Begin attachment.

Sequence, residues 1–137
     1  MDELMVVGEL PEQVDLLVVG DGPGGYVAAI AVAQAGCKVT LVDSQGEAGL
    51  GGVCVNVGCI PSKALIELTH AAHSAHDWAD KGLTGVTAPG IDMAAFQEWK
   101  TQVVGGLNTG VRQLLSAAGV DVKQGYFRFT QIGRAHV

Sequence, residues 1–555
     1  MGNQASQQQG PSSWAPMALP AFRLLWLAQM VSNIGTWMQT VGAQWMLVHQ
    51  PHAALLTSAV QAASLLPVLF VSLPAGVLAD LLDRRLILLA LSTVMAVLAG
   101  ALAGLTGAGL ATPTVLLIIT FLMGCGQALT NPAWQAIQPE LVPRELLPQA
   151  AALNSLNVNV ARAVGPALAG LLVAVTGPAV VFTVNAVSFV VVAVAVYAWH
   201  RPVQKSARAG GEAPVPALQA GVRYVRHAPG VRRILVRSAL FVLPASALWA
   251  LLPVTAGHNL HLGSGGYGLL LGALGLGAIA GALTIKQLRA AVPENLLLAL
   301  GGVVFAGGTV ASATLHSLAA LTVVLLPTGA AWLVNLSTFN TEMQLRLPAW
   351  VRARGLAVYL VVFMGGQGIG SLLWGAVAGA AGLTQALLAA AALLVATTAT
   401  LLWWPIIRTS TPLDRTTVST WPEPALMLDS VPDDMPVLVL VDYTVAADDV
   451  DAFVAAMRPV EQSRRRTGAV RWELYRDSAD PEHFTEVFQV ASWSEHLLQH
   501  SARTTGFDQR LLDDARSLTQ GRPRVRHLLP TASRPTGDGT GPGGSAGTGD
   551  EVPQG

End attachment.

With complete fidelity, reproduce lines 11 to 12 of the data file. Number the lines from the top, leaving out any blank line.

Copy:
   251  LLPVTAGHNL HLGSGGYGLL LGALGLGAIA GALTIKQLRA AVPENLLLAL
   301  GGVVFAGGTV ASATLHSLAA LTVVLLPTGA AWLVNLSTFN TEMQLRLPAW